We look at the pain of Naomi, and we can scoff at her bitterness.  We have that luxury because we know the end of her story.  We know everything turns out for good.  We know that there’s this amazing conclusion to her life.  We know that she gets to be a part of something truly significant and so we shake our heads at her unbelief and think to ourselves, “If she only knew”. If she only knew the end of the story then she could get through the tragedy with hope.

Knowing the ending would change everything.  I hear single women every day say things like: ‘if I just knew for sure I would get married, then I would be okay with singleness today’.  We believe that knowing the ending would make it possible to have peace and joy today.

But here’s the deal: we DO know the ending.  and it’s a whole ‘h’ of a lot better than a mortal man down on one knee.

You may be sad tonight.  You may be afraid and insecure and alone.  You may be walking through tragedy that I can’t understand.  But let me remind you how this story ends: it ends with Jesus.  you and Jesus.  and a bunch of other people.  and worship.  and Jesus.  and faith that is by sight.  and Jesus.

I know it’s hard.  Life.  I know that some days it feels impossible.  But there is coming a day when He will come back for us.  And you’ll stand before your God and your King and your Savior and your life, and you’ll hear Him say ‘well done, my good and faithful servant. Enter into joy today’.  And that day – that seems like the end – will really be the beginning.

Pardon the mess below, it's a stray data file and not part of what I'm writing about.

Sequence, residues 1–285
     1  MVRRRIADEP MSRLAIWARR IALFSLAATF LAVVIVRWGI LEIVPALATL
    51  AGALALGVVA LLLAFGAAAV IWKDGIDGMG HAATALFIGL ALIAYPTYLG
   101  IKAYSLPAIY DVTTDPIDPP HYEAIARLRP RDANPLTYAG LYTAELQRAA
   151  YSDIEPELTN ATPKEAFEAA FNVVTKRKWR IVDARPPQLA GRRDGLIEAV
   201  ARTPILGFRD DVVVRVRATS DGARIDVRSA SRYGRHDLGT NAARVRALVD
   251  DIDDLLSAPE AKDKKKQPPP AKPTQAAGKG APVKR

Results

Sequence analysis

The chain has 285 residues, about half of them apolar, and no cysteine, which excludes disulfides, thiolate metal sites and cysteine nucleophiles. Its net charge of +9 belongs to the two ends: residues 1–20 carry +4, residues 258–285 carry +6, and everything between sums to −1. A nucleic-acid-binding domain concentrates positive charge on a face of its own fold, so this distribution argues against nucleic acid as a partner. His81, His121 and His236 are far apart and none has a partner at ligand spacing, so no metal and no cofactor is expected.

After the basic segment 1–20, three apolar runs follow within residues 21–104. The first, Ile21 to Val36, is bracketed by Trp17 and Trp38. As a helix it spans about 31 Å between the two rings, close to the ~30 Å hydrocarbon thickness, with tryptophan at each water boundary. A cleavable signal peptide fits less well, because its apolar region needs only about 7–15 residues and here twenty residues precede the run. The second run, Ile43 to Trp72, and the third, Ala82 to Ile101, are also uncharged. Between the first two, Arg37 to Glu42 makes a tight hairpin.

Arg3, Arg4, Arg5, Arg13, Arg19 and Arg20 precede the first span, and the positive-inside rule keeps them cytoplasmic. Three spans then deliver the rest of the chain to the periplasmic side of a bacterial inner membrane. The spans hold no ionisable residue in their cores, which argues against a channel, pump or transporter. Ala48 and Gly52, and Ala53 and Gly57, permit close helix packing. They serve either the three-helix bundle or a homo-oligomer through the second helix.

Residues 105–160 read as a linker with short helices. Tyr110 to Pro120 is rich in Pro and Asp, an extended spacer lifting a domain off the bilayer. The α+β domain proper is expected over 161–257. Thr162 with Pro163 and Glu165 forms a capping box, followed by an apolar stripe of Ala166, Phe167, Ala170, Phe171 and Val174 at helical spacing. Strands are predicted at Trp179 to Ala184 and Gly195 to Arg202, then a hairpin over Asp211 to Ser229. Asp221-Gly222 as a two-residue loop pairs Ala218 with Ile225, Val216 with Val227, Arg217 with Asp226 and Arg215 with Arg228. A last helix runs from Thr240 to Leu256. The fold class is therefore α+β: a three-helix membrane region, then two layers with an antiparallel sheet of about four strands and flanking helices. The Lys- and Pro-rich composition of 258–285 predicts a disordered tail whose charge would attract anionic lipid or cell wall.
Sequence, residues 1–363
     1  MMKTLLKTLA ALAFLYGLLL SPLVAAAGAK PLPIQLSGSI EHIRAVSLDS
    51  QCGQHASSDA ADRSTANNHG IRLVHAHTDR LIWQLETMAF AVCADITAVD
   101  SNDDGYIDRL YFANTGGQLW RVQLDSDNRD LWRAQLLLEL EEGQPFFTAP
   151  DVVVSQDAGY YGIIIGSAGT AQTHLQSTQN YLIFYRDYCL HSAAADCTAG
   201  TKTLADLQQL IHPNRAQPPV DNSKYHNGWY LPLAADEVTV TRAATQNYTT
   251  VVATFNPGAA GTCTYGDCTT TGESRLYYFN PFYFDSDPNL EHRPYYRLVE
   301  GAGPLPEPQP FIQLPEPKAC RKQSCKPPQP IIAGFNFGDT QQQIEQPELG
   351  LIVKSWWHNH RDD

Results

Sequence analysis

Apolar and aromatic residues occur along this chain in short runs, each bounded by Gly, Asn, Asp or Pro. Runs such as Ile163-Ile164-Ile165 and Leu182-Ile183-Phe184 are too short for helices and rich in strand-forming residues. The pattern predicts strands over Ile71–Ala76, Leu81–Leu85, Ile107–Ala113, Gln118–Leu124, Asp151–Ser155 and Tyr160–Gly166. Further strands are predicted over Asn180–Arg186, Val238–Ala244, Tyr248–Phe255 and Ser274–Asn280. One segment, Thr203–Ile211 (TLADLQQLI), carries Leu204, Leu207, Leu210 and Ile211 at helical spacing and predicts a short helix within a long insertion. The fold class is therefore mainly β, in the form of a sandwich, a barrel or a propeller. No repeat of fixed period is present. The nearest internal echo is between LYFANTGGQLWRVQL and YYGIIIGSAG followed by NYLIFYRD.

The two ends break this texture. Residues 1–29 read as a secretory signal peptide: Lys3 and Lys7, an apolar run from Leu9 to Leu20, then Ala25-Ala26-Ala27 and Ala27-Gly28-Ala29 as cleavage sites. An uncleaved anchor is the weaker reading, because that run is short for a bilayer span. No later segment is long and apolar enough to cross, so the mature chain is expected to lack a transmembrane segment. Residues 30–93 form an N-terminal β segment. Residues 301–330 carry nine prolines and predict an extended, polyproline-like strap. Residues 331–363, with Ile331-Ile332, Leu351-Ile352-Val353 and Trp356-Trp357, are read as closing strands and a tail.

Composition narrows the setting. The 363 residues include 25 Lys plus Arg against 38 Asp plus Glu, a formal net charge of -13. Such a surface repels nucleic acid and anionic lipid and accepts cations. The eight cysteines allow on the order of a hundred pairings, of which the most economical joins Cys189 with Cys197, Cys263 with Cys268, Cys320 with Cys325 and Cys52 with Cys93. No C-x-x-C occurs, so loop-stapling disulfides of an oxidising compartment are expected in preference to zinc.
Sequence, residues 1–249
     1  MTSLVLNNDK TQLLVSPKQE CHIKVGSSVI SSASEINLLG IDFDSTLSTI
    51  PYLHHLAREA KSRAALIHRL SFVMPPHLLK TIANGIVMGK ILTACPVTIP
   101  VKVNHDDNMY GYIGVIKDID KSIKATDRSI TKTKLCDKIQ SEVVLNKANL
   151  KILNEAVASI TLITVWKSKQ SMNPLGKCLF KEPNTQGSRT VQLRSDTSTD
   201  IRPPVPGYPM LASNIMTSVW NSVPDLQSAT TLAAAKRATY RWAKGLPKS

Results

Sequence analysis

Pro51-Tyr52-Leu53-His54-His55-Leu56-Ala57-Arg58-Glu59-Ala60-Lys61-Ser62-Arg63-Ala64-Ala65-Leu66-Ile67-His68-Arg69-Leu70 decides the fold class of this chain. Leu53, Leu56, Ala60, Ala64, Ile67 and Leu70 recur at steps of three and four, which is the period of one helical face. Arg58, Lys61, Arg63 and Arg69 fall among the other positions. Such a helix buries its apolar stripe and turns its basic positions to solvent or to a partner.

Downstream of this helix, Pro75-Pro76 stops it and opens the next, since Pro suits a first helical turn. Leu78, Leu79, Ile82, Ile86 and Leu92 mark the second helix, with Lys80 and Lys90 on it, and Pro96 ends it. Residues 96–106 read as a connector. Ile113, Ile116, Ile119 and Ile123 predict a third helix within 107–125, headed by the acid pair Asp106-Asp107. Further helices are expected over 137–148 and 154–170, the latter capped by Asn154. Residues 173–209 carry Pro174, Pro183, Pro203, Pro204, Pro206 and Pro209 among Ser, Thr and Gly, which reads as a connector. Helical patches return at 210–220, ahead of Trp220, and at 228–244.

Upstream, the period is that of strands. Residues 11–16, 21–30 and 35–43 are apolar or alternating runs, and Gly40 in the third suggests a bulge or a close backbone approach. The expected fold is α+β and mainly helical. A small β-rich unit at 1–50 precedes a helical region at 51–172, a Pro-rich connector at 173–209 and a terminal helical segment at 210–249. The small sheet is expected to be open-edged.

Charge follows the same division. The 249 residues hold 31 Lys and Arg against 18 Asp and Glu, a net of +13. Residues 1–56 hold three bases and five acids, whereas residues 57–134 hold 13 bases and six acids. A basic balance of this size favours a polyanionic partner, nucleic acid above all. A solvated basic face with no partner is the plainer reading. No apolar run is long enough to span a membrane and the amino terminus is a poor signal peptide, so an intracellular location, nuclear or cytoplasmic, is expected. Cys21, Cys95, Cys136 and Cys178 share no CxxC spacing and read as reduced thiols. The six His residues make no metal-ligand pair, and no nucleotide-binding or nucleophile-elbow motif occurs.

7 thoughts on “Encouragement in Suffering #1: Zoom Out

  1. Oh wow Fabs. I’m serious. I only just discovered your blog a couple months ago and what you say seems to always hit me right where God has been working on me. Thank you for this encouragement. I need to share this post all over the place! Please keep writing! What you are saying needs to be heard and I don’t think there are many people saying it. God bless you!!

  2. What an answer to prayer you are–I was praying this morning for a word from the Lord and it came through you! Thanks for reminding me to change my perspective. Have a blessed day!

  3. I’m a guy (hence my name, bad grammar, spelling,etc) and even I have been encouraged by these post. I found this on my now future wife’s facebook page, a friend of hers had sent it to her to encourage her before we met. And me being curious looked at it. Even as a man who is in a godly relationship these are encouraging. My worries, my fears, and my lack of faith all point to the fact that i haven’t “zoomed out” in a long time. I keep trying to grab a hold of my life and control it on my own. So thank you for stating what should be obvious, but sadly isn’t. God bless you and the encouragement you are giving people.

  4. My dear Fabs – Thank you for this reminder. How easy it is to forget the BIG picture, but it’s exactly this that I Peter 1:13b tells us,” . . . set your hope fully on the grace to be given you when Jesus Christ is revealed.” BTW, Gordon MacDonald spoke at our church last Sunday, giving an almost prophetic message, but reminding us (the church) to stay focused on this truth as things crumble around us. Thanks, Fabs, for sharing your gift with us!

  5. the great thing about your blog is that you share so openly about what is currently going on with you, and yet it still resonates so deeply with me, even though i’m in a different stage. your writing always always always hits home to me. keep em coming. you’re amazing. and also, just move to sf pls. 🙂

  6. Fabs, thank you. I continue to be amazed at the way you write so candidly about struggles and yet always point back to the beautiful gospel of Jesus. As I read, I love him more and long to know him more. Please keep writing!

  7. These entry’s have brought me peace when there was once pain regret unfulfilled thank you for your writings the insight you shared is restoring my hope and self image I know god accepts me again